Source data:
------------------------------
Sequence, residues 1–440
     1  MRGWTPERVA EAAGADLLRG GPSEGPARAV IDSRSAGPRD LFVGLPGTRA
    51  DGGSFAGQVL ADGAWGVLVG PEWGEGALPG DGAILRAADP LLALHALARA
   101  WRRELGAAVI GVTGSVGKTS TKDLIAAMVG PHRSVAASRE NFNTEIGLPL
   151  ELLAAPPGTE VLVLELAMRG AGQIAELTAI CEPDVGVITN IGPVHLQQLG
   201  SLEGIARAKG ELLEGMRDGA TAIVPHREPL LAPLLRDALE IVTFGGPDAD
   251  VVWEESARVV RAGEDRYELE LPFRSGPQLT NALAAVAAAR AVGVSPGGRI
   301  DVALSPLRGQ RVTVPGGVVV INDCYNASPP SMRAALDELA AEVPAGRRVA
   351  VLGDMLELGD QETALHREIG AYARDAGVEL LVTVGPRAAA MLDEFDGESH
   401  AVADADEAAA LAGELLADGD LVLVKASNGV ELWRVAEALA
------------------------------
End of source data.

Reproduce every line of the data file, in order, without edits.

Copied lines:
Sequence, residues 1–440
     1  MRGWTPERVA EAAGADLLRG GPSEGPARAV IDSRSAGPRD LFVGLPGTRA
    51  DGGSFAGQVL ADGAWGVLVG PEWGEGALPG DGAILRAADP LLALHALARA
   101  WRRELGAAVI GVTGSVGKTS TKDLIAAMVG PHRSVAASRE NFNTEIGLPL
   151  ELLAAPPGTE VLVLELAMRG AGQIAELTAI CEPDVGVITN IGPVHLQQLG
   201  SLEGIARAKG ELLEGMRDGA TAIVPHREPL LAPLLRDALE IVTFGGPDAD
   251  VVWEESARVV RAGEDRYELE LPFRSGPQLT NALAAVAAAR AVGVSPGGRI
   301  DVALSPLRGQ RVTVPGGVVV INDCYNASPP SMRAALDELA AEVPAGRRVA
   351  VLGDMLELGD QETALHREIG AYARDAGVEL LVTVGPRAAA MLDEFDGESH
   401  AVADADEAAA LAGELLADGD LVLVKASNGV ELWRVAEALA